QUESTION: I have been reading your column, and finally decided to write and ask you a tough question. Are there any secrets about life that you have learned in counseling others that many never seem to learn?
ANSWER: You are right. That is a tough question. But, here are three secrets, the answers to which seem to elude many.
1. INSECURITY: This may be a shock to you, but all people feel insecure. Growing up, I had this image that on the other side of the hill were all these “normal” people, and that when I went through that magic door into adulthood at age 21, I would be like them. Well, I am now 67 and there is no magic door. I have counseled people from all walks of life to whom others often turn for advice: clergy, doctors, lawyers, professors, corporate executives, as well as others who are rich and famous, and they all have one thing in common, they are human! They are just as insecure as you and I. If they honestly admit and face their clay feet, they grow. If they hide behind masks of superiority, making you think that they “have it all together,” they don’t.
2. POWER: Who has the power to define your self-worth? Thinking that love is conditional upon performance, most people nervously give their power away to those from whom they hope to get praise and affirmation: parents, teachers, employers, and spouses. Giving away your power condemns you to always worry about what others think. The secret is to take back your power, and define your own self-worth. OK, so you have some weaknesses, join the club. But, in general, you are probably a nice person. Once you rely upon your own judgment about yourself, it is as if you are wearing a psychological suit of armor. Others can hurt your feelings, but their demeaning criticism can no longer devastate you to the core. Why? Because you, not they, have the power.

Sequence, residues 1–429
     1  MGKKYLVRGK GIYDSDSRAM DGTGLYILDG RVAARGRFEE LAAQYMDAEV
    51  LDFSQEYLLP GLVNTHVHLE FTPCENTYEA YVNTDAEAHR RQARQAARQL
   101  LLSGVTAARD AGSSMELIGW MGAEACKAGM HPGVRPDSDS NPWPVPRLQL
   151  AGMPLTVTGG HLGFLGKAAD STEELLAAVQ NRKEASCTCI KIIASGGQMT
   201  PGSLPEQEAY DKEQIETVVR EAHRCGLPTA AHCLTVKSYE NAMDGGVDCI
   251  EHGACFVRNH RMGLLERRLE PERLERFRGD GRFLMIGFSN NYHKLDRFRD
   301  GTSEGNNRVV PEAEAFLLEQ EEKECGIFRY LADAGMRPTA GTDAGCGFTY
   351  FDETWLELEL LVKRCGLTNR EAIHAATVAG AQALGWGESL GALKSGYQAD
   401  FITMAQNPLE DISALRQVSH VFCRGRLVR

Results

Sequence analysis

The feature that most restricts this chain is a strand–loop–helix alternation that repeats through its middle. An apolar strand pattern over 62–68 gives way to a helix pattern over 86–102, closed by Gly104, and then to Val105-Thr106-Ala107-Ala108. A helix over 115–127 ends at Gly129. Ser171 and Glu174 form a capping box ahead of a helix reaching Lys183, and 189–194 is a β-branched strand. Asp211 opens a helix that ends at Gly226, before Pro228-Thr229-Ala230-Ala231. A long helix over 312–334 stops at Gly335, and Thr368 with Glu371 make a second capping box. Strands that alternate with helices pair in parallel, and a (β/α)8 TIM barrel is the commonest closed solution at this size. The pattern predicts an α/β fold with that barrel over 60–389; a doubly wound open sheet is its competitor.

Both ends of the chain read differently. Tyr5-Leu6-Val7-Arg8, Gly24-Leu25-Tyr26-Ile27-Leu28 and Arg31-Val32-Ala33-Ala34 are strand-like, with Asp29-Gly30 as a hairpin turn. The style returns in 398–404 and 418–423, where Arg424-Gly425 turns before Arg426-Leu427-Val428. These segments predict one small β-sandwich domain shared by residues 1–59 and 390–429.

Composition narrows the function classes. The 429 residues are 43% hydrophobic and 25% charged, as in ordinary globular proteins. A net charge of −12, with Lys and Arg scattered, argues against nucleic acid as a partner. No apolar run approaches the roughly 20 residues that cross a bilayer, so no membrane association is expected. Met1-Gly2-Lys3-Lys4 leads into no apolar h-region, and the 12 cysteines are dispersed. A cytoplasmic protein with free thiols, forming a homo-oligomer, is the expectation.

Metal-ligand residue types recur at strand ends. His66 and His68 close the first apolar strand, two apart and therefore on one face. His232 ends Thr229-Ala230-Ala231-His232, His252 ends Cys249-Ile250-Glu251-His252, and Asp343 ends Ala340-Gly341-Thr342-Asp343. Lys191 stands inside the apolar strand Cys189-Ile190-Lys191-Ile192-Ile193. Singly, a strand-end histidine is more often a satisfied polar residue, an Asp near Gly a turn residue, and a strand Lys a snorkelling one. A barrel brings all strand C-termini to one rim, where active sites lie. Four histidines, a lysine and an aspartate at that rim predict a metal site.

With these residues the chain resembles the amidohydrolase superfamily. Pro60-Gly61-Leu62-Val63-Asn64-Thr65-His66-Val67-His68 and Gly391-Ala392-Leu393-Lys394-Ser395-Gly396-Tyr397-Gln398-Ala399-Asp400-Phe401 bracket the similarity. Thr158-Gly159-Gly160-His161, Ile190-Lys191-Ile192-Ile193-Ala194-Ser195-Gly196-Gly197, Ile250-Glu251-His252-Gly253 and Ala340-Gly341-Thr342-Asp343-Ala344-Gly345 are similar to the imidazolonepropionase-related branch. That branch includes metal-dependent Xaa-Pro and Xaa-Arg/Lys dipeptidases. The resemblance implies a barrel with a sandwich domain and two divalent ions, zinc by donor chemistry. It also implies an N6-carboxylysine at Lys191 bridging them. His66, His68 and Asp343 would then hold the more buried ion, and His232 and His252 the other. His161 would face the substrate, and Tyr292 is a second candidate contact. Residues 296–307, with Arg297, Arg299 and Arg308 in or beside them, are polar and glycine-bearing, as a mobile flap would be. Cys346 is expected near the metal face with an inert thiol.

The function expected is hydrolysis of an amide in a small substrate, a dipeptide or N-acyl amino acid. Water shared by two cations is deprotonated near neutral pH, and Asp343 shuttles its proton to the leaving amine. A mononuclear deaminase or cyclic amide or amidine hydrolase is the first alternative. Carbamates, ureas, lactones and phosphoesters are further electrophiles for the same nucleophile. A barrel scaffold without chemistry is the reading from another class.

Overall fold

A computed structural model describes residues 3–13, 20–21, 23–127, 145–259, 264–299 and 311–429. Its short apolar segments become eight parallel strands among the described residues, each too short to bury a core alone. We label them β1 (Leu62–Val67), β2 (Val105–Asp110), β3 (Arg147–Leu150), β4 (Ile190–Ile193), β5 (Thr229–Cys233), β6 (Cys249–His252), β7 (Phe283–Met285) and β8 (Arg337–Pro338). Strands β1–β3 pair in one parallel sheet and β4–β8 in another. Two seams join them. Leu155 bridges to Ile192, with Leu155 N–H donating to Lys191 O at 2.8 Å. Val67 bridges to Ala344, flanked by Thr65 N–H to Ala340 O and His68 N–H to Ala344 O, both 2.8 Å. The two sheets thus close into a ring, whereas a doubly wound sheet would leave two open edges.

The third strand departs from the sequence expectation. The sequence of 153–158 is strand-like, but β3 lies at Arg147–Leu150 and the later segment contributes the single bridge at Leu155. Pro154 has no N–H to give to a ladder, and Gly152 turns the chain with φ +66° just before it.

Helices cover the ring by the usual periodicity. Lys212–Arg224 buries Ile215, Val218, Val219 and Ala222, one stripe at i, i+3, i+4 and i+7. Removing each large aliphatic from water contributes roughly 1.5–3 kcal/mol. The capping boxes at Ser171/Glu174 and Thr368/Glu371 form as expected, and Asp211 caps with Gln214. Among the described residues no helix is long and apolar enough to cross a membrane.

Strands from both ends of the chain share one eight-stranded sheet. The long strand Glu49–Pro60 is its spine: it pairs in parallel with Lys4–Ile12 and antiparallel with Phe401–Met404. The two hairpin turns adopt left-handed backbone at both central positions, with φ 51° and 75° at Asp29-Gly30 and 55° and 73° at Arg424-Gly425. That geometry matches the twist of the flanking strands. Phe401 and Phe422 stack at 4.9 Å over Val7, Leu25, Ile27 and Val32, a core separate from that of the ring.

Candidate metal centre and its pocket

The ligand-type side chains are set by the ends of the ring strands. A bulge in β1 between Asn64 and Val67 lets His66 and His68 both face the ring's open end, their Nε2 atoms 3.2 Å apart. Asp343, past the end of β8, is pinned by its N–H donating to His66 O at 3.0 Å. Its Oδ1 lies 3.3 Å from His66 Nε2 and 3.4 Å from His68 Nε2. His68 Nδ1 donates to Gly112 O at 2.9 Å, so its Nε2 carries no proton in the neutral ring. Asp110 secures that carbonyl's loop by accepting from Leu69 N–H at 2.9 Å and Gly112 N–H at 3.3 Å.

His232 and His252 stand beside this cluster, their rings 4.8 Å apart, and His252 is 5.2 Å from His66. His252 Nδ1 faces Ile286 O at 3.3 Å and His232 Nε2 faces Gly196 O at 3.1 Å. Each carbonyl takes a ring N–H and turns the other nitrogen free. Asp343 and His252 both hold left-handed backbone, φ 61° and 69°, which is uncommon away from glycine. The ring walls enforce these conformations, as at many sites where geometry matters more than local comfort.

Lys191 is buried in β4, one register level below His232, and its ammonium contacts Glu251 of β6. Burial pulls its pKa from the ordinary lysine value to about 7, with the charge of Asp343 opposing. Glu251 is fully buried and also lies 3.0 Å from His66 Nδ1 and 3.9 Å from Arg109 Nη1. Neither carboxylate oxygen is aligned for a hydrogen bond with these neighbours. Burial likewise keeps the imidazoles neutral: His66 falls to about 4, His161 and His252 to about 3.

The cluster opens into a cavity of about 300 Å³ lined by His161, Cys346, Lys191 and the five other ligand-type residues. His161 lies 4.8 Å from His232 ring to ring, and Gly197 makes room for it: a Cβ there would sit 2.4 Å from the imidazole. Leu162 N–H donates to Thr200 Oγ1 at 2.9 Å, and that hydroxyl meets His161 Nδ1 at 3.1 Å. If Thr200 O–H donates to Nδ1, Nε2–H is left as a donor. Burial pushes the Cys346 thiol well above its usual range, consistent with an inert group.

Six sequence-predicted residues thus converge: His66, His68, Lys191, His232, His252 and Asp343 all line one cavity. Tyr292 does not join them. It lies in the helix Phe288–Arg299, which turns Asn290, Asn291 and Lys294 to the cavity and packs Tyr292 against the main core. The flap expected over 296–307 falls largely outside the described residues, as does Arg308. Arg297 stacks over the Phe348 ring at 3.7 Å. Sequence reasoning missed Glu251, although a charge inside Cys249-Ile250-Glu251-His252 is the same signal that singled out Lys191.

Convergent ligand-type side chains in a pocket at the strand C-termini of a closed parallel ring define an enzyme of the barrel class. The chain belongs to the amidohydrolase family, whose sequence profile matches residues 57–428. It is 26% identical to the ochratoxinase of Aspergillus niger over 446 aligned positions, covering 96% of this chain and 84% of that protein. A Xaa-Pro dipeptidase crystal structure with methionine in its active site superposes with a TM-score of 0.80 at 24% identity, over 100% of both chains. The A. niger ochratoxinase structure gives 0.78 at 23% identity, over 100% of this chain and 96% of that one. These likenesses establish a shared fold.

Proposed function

3. SUCCESS: Most people equate success as attaining something big: a job, title, house, car, bank account, etc. If they do not, they feel like a failure. But, while pursuing achievements is good, it is the “little goal.” The “big goal” is how your personality develops along the way. Homer once said that “the journey is the thing.” Your job will end with a gold watch, your house will pass to someone else, your car will rust, but your soul will live forever. Who you become is defined by the choices you make in life: to be kind or cruel, loving or manipulative, humble or a snob. Life is a process of creating a work of art: YOU. Your death signals the end of your growth, and the judgment of God is to simply accept your judgment, allowing you to be as you have chosen to be, for all eternity. So, don’t get mixed up; the big goal is who you become — the little goal is what you attain. Your Lexus will not fit into the coffin with you, but your soul will.